It is of eternal importance that we’re careful to understand God as He actually is – not just who we’d like Him to be.

What is God doing? So now we’ve identified who we are and who God is...but have you ever wondered what God’s doing now? What does all this “Creator/creation/creative license/reflecting God stuff have to do with me...today? What is God doing in my mess and in my dysfunctional family?

Here’s where it gets good. Like the “human mirror” shattered by the hammer of sin in Genesis 3 was used to beautifully glorify God, the broken mirror you call your life is not a lost cause in the hands of an all powerful, all loving, merciful and creative God. Throughout the pages of the Bible we see God reach down and pick up shattered sinner after shattered sinner like broken shards of glass, grind them down, tenderly polish them and skillfully solder them together into beautiful stained glass windows. He creates beauty from ashes, joy from pain, and purpose from chaos – this is the God we serve.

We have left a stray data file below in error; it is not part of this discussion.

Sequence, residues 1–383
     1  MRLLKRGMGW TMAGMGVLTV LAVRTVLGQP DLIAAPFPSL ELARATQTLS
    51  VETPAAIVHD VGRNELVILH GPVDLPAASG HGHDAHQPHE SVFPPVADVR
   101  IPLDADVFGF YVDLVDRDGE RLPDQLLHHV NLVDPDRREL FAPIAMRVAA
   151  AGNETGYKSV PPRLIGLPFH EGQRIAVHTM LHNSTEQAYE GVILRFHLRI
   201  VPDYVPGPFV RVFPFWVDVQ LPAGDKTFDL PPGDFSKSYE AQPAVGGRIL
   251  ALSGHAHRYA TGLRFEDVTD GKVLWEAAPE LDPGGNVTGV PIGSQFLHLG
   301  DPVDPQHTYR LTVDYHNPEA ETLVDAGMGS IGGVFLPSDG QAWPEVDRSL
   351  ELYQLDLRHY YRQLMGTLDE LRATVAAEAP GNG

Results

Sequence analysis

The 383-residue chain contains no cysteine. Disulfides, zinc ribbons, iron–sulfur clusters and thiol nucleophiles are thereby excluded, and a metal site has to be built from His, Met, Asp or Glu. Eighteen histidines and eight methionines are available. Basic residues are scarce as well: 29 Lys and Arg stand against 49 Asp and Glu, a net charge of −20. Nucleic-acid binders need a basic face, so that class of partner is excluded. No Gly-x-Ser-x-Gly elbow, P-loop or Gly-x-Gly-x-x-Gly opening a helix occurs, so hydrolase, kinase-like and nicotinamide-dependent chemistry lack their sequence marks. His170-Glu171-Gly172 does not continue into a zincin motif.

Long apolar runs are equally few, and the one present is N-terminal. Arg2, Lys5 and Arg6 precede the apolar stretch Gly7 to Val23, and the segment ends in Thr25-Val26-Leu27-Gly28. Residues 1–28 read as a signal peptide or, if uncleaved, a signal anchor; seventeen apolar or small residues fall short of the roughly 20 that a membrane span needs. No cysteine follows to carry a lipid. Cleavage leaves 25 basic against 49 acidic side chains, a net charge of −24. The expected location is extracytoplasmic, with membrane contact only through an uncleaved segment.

How is God doing it? How is God actually taking the mess of my life and making this “stained glass” thing anyhow? He is working together with Himself.23 The Father calls you: a broken, disobedient person to become part of His family.24 Then Jesus pays your debt, forgives your sin and gives you a new identity in Him.25 All along the Holy Spirit convicts you of your broken condition and begins to work, changing you from the inside out.26 To be part of the “stained glass window” is to be: Called by God, forgiven in Christ and indwelled by the Holy Spirit. It’s a whole new identity and a pretty big deal when you think about it.